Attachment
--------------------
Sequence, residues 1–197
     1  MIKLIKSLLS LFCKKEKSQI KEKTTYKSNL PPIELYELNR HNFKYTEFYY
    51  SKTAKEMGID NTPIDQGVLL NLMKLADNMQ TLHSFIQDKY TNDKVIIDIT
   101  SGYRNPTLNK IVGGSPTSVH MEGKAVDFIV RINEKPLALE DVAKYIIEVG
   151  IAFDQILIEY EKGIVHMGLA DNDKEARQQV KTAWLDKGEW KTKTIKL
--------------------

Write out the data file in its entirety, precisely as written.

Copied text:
Sequence, residues 1–197
     1  MIKLIKSLLS LFCKKEKSQI KEKTTYKSNL PPIELYELNR HNFKYTEFYY
    51  SKTAKEMGID NTPIDQGVLL NLMKLADNMQ TLHSFIQDKY TNDKVIIDIT
   101  SGYRNPTLNK IVGGSPTSVH MEGKAVDFIV RINEKPLALE DVAKYIIEVG
   151  IAFDQILIEY EKGIVHMGLA DNDKEARQQV KTAWLDKGEW KTKTIKL